Monthly Archives: September 2013

Hidden Truths about Motherhood #7 The Monster in my bed

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A low growl emerges from either side of me. It seems to rumble in the same way hunger threatens me. The growl slopes down to a still whistle, which turns into a simple sigh. Though it disrupts the depths of my dreams, it doesn’t bother my sleep. I can keep calm and float back into that wonderful rest I need. I’m dreaming again of the things I forgot to do when the mood changes within the dream. The common things I dream of end and I’m aware of wild animals surrounding me. They draw closer to show their anger towards me. They first let the heat of their breath fill my lungs and they growl by my ears. I close my eyes waiting for a death I cannot escape. A single bite to my neck and I have nothing else to share of my tale. Then the growls subside and silence wakens me. I open my eyes to look around. Another nightmare finishes and the reasons for them I do not know, except to remind me of the stress of these last days. I curl to my side and drop the weight of my exhaustion unto my dearest body pillow. My back aches and I roll again to my back staring at the ceiling. I readjust the pillow, the blankets and close my eyes. From my feet all the way up to my chest, I hear again the rumble. This time it rises to new volumes, shifting its growl to croaks, hisses and gargles. It occurs to me that as I hear these disturbing sounds in the back of my mind, perhaps the instigator lies next to me. I think of the ways that I use to wake him and help him with his snoring, when I feel a tug at my left arm. I ignore it for my thoughts consume me and are of greater importance. I must figure out how to sleep and kill the beast that awakens me. The gentle tug becomes a push. I feel my entire body slipping sideways and when I become the woman overboard I wake up to scream.

“Sorry baby, you were snoring, so I had to turn you.” A grumble from the other side of the bed.

He turned me to my side.

I guess the monster is closer than I think.

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Walking blind

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Where is your destination?

 

A man signs up for a challenge. The challenge consists of walking blind folded in three different situations. The first is at a familiar place, the second at an unfamiliar place and the third with an unknown goal. The man accepts each task as they seem doable. At the familiar place, his home, though blinded he could remember and picture in his mind every object. He could visualize what the room looks like and he shows great ability moving around the obstacles. He enjoys accomplishing that task knowing that if he did lose sight he could still remember.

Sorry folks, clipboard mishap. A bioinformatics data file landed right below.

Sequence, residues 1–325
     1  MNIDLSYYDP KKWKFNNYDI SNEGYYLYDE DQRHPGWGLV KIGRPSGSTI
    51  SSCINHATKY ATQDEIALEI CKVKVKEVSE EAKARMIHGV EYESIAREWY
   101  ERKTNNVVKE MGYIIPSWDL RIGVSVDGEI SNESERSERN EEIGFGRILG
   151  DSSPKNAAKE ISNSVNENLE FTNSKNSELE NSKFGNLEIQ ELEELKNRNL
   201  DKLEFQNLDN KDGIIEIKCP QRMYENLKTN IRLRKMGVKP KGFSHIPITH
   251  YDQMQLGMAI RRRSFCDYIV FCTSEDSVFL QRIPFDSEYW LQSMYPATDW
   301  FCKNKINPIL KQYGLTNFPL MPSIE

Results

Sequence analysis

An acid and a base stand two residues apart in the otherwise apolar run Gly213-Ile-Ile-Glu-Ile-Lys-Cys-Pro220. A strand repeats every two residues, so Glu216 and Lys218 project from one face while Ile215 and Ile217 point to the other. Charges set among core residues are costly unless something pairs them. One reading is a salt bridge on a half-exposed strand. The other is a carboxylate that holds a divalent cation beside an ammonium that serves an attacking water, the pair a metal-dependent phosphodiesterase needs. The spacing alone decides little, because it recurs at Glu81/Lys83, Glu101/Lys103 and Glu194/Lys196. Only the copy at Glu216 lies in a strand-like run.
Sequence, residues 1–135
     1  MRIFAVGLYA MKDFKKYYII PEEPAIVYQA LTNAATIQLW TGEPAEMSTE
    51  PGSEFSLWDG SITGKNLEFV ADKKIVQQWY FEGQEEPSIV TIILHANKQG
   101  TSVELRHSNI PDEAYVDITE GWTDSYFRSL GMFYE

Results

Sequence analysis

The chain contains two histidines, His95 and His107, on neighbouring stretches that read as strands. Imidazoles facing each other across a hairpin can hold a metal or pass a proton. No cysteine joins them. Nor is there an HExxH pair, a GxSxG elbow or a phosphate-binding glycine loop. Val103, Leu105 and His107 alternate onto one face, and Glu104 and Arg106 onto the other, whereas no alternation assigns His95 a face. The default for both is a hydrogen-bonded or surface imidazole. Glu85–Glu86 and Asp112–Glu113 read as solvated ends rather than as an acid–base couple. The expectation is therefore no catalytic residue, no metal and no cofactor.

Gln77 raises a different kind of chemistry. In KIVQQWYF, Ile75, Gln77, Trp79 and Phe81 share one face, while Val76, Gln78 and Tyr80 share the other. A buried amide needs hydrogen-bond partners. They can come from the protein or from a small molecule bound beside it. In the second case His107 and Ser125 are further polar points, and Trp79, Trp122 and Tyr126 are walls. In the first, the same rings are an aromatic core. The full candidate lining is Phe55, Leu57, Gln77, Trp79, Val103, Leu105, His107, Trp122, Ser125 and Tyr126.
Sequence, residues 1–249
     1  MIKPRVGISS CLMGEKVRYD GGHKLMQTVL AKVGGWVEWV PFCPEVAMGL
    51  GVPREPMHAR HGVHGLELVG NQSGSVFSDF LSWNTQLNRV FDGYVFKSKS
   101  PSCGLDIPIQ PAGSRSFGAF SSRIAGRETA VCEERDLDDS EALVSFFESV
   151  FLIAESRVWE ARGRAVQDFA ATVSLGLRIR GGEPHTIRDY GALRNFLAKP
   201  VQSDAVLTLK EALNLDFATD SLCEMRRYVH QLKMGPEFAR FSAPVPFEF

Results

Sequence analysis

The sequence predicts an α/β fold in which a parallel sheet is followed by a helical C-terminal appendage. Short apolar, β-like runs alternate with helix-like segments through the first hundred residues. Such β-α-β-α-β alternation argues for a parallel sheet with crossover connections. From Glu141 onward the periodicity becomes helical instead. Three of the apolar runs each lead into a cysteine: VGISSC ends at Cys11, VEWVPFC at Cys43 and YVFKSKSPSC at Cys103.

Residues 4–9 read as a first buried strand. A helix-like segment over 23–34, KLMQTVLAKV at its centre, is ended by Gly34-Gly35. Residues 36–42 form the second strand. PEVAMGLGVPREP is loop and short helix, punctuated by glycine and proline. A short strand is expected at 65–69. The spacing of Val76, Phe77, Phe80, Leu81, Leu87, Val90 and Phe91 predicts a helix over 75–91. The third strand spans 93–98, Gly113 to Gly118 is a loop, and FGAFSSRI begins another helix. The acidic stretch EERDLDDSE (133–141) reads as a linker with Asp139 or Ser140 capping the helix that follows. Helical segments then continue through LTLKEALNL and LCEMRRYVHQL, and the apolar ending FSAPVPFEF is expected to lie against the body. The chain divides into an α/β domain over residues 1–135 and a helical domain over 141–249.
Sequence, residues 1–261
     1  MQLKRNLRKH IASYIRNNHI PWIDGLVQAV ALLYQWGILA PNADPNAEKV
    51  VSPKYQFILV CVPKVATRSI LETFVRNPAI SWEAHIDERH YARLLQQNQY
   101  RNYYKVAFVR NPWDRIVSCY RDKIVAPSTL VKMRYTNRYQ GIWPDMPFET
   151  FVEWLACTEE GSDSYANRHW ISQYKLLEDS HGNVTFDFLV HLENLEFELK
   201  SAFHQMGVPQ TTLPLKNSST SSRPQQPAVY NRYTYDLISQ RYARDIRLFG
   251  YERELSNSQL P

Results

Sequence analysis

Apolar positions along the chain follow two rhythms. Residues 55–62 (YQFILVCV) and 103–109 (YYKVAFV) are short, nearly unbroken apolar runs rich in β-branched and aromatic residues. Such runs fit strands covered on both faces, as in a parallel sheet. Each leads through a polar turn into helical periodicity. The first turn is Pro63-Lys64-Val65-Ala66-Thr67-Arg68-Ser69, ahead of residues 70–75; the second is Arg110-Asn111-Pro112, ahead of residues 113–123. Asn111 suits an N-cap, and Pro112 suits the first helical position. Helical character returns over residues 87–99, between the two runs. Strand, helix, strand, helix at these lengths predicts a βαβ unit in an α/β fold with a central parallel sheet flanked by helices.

The next task he sees as a true challenge. In the unfamiliar place, he feels intimidation. He steps forward and discovers his surroundings. He could with touch, smell and at times taste describe where he is and what he encounters.  He feels empowered with each task. On the last task they leave him at a walking trail without a goal or destination. For this task however, they do not cover his eyes. He doesn’t see the reason for this last task, yet continues.

When the man begins his walk he takes a brisk walk to finish the silly challenge. A few hours pass and though he’s fine in health and could walk longer, he stops. He complaints about the pain in his legs, the aches in his body and wonders when the task ends. He rests for a while and walks again for a short time. He then decides to jog for a while and see if he can arrive at his destination sooner. After another hour, he stops. He rethinks the original request realizing he doesn’t know if he’s suppose to find the end of the path, finish it or something else. He walks again and screams to see if anyone would respond, no one does. He continues while his frustration grows and with every step he feels more insecure in his purpose. He feels defeated as he talks to himself about the hours and days lost pursuing these tasks. After a few hours they come for him and take him home. Glad to finish the challenge yet upset that he most likely lost it, he asks about the goal of the last task. They respond, the goal is to walk.

 

 

 

Author’s note: There is nothing that drives a person madder than to not know where they are heading, even if they can see and all they know is they cannot do anything at all but wait. The waiting eventually ends, even if not in the outcome we expect.